In some cases, a will contest can lead to the invalidation of the will, so it is important to seek legal counsel when creating your estate plan.

What happens if there’s no will?

Probate becomes a lot more complicated when the deceased hasn’t left a will. In this case, the Probate Court names an administrator to handle the debts and assets, but certain complications can arise if family members disagree with any part of the probate process. There can also be delays if there are disagreements about the value of the assets, or if certain assets cannot be located.

How does a Maryville probate lawyer help me?

A Maryville probate lawyer from Shepherd & Long P.C. makes it easier for you when dealing with end-of-life issues and discussions. We can assist you with any of the following tasks related to estate planning:

  • Evaluate, take inventory of, and collect assets
  • File a will with the court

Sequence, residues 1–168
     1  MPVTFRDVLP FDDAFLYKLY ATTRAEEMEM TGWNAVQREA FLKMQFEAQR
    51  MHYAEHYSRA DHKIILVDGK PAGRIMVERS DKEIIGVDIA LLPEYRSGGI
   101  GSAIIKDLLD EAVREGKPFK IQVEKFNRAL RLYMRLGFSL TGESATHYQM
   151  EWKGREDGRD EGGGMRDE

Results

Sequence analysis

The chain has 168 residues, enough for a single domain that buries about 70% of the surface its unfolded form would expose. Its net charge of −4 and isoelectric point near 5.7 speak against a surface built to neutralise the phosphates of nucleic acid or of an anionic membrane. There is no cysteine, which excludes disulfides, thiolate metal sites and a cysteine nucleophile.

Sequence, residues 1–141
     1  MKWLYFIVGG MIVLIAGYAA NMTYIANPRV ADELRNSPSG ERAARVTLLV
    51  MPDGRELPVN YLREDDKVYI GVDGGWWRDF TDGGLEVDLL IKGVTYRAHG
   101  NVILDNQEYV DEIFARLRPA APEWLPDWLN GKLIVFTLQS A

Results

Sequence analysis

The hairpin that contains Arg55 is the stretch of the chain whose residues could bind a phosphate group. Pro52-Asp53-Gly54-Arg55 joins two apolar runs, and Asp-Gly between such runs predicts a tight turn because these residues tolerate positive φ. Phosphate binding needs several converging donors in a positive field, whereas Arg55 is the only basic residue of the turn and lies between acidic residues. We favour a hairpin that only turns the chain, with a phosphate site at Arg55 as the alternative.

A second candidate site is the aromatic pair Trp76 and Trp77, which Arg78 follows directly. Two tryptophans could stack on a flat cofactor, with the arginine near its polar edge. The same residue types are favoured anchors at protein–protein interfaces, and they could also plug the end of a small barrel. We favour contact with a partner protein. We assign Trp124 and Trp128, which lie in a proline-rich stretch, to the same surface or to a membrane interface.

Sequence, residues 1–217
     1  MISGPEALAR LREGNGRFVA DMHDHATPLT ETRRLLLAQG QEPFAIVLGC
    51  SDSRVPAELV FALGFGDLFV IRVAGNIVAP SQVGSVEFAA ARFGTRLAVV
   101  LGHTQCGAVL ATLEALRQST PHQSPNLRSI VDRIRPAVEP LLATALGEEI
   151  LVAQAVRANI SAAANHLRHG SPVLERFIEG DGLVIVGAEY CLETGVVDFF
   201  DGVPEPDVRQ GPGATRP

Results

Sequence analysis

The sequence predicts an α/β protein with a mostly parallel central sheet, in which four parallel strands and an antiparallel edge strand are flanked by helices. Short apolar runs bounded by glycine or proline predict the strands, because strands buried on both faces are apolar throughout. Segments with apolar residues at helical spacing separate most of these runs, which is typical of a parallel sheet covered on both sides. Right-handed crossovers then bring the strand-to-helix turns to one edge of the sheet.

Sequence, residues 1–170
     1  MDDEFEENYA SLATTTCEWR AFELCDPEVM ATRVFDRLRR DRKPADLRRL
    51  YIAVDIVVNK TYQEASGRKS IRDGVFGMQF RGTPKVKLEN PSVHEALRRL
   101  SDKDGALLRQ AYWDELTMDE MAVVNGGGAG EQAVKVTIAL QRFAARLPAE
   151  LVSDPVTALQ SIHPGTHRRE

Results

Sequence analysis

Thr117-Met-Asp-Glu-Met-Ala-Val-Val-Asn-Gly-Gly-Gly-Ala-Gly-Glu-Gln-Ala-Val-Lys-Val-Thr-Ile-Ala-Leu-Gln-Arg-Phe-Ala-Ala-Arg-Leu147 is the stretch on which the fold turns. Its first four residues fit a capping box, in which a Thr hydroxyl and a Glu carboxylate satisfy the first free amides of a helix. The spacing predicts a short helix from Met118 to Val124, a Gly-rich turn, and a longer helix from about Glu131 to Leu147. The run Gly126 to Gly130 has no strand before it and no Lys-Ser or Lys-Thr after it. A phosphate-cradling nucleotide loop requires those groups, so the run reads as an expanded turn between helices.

• File tax returns
  • Appeal a ruling
  • File a petition for probate
  • Sell assets
  • Manage disputes
  • Settle debts
  • Distribute assets
  • Notify beneficiaries

Schedule a consultation with a Maryville estate planning attorney

It is difficult to think about the end of life. No one wants to broach this topic willingly. However, it is important that you plan for the future, especially when you have children. Putting your wishes in writing makes it easier for everyone involved after your death. The compassionate team at Shepherd & Long P.C. has decades of experience assisting clients create their last will and testament, representing families in Probate Court, and distributing assets based on directives. We will work to protect your final wishes, so your heirs receive the assets you set aside for them. Call our office at call 865-982-8060 or fill out our contact form to schedule a low cost consultation.